Over the past seven decades, CO2 emissions in the EU have varied greatly. Between 1965 and 1979, emission levels steadily rose from 3.3 billion metric tons to a peak of 4.7 billion metric tons. Since then, emissions have typically fallen, and by 2019 had dropped to levels last seen in 1966. Germany, the United Kingdom, and Italy have consistently been the EU countries with the highest CO2 emissions, and made up more than 30 percent of the Union’s total CO2 emissions in 2019. Although these countries produce vast quantities of GHG emissions per year, their per capita emissions are noticeably lower than in smaller nations such as Luxembourg, Estonia, and Ireland.
Whilst greenhouse gases drive the climate crisis, harmful air pollutants such as PM2.5 particulate matter and nitrogen dioxide are an increasing risk to human health. These pollutants are typically produced by fuel combustion from the transportation and manufacturing industries. People living in urban areas are most likely to be affected, with large shares of the EU population exposed to air pollution. There are a high number of deaths attributable to air pollution in the EU every year. In Poland, it is estimated that more than 20 percent of deaths were attributable to PM2.5 particle pollution in 2016.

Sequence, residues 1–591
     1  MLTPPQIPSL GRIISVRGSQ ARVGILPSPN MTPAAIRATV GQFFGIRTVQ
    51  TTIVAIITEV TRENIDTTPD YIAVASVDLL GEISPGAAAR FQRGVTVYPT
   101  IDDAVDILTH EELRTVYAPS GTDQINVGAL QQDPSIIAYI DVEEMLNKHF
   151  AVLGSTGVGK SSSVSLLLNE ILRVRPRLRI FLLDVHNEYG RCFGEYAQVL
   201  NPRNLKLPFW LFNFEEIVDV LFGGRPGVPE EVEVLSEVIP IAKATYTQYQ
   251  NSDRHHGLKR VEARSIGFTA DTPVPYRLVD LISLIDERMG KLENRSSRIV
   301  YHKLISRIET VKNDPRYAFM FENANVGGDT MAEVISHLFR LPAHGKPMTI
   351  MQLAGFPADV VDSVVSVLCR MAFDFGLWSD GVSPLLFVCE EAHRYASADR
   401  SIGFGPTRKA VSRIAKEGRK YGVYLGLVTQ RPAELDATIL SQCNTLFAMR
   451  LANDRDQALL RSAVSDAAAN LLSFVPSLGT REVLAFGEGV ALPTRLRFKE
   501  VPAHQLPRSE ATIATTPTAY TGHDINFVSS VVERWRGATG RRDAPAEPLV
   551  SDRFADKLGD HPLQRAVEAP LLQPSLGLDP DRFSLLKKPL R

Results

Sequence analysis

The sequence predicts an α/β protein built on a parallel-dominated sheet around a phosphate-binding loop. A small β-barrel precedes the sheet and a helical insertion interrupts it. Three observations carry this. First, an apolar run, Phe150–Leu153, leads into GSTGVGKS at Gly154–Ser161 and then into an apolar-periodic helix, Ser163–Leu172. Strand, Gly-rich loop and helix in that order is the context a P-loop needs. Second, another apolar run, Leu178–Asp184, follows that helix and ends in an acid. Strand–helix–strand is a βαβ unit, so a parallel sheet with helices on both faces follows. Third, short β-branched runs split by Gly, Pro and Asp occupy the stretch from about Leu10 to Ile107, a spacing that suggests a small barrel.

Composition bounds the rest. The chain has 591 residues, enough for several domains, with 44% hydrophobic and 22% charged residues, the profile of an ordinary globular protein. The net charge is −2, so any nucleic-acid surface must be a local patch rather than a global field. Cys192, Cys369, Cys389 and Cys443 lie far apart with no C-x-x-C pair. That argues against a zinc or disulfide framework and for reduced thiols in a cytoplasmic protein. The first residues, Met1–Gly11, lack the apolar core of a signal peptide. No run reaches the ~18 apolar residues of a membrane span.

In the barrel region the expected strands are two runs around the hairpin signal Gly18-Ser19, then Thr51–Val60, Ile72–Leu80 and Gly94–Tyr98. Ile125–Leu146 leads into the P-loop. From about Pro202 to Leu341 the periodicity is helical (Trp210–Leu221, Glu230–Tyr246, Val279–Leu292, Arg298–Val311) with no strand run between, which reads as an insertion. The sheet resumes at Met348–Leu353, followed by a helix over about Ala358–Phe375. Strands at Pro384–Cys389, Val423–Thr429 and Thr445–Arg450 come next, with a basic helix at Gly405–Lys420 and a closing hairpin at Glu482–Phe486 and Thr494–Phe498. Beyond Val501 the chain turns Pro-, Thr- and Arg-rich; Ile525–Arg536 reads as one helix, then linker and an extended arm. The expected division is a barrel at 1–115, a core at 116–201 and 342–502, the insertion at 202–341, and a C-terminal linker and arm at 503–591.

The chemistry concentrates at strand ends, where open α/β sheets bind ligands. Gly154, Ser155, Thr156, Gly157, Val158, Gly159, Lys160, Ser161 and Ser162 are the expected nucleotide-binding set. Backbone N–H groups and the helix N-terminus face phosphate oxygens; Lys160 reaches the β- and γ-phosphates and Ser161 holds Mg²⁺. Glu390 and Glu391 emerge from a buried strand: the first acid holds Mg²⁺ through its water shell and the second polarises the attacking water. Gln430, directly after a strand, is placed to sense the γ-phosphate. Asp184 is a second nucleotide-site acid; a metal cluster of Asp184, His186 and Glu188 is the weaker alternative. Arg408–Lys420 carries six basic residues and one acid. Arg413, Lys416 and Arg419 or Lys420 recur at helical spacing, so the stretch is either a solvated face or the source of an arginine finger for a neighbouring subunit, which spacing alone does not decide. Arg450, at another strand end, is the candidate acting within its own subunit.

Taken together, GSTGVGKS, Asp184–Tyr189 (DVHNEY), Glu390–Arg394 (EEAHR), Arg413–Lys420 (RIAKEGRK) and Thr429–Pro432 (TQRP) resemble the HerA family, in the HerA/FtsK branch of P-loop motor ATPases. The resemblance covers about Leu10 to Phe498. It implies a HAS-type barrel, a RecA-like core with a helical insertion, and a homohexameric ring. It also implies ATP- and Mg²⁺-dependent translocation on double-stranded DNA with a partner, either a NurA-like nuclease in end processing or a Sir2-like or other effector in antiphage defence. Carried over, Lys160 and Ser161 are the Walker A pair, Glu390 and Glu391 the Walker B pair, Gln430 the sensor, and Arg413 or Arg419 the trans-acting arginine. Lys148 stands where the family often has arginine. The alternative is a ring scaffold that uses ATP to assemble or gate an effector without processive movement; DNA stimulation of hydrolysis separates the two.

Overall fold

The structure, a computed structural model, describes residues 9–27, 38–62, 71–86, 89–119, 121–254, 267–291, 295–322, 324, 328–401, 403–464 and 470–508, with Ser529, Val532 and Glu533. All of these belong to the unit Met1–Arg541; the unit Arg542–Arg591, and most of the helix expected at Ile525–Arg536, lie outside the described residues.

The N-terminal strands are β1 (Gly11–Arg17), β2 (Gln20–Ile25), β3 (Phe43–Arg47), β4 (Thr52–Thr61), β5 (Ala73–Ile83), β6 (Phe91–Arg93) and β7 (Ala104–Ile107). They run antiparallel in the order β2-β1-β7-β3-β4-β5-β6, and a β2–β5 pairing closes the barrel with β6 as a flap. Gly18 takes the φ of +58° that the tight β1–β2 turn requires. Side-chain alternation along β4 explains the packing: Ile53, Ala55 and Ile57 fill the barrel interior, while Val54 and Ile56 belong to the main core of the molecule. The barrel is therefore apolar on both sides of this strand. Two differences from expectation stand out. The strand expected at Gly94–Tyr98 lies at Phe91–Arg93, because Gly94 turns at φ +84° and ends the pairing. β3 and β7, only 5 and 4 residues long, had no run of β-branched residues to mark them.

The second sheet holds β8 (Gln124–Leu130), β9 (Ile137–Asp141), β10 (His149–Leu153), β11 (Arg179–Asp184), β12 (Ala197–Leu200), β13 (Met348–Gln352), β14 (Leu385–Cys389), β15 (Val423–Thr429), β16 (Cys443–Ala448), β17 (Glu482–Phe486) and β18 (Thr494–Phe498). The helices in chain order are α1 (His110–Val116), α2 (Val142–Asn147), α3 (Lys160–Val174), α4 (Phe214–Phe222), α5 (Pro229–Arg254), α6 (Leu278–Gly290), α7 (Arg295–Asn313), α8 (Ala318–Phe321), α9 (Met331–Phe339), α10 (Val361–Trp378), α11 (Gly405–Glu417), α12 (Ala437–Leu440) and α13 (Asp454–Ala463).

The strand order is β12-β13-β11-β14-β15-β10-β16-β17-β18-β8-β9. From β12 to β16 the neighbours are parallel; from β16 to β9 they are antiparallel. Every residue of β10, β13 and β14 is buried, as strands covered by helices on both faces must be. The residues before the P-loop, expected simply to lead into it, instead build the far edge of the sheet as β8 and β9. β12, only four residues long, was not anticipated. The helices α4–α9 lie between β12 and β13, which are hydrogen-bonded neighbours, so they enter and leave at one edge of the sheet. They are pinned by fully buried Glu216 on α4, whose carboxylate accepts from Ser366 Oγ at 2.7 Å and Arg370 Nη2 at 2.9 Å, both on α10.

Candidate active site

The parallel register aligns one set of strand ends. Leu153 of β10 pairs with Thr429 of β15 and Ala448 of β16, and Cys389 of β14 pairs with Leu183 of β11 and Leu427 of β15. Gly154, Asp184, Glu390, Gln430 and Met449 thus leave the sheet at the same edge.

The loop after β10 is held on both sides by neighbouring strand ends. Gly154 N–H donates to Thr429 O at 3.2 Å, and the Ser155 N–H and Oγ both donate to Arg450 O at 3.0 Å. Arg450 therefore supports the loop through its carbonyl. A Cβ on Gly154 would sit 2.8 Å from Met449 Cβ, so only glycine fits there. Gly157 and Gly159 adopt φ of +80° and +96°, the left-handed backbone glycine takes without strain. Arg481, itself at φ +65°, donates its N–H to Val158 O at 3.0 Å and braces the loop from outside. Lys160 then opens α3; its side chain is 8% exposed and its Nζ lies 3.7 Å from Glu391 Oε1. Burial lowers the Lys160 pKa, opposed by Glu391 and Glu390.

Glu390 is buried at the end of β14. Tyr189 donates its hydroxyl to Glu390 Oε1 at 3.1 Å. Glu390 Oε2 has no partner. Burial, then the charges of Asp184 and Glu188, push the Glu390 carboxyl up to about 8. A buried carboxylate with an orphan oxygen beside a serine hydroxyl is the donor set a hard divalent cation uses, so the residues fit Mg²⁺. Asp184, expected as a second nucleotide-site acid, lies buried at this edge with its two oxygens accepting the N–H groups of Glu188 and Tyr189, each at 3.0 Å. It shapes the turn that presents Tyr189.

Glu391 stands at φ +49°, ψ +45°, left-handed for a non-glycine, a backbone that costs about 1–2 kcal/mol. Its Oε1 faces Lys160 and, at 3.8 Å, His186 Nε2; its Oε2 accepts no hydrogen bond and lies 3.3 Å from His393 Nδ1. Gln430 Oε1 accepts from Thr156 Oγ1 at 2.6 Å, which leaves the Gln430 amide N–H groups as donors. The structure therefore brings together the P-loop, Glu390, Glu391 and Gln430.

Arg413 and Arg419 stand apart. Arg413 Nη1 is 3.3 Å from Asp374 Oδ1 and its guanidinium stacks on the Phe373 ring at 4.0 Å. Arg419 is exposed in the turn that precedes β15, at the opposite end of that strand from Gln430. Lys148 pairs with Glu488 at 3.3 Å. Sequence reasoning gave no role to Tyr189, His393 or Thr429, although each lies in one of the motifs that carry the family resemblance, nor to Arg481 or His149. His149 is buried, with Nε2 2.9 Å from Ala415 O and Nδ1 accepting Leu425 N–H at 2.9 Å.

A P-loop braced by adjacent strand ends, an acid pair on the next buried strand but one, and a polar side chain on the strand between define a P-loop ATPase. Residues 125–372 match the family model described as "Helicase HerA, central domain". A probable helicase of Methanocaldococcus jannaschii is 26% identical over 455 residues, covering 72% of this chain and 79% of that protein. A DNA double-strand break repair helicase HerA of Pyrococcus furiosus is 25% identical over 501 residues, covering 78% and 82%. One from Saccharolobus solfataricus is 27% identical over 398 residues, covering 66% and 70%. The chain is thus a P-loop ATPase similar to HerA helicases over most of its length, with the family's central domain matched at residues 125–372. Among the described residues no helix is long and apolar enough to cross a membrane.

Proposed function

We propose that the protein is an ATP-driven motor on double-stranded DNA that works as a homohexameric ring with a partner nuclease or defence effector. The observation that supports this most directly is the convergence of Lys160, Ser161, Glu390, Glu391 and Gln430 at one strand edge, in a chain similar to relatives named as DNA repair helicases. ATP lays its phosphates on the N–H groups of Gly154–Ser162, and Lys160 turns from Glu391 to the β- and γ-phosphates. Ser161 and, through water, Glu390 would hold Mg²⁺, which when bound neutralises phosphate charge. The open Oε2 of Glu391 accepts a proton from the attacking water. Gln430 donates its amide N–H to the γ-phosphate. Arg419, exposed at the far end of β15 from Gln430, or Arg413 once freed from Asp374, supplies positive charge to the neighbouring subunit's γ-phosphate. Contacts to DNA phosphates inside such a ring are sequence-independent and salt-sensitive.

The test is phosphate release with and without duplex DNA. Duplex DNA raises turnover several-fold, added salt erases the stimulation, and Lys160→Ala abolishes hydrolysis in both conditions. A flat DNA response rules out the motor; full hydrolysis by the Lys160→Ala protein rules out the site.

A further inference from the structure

As the world looks to mitigate the worst impacts of climate change, reductions in emissions have been observed in recent years to meet targets. Between 1990 and 2018, greenhouse gas emissions from public electricity and heat production in the EU have dropped approximately 500 million metric tons of CO2 equivalent. However, transportation emissions have increased. 2020 is projected to experience the largest reduction in emissions since the 2009 financial crisis, due to the impact the COVID-19 virus.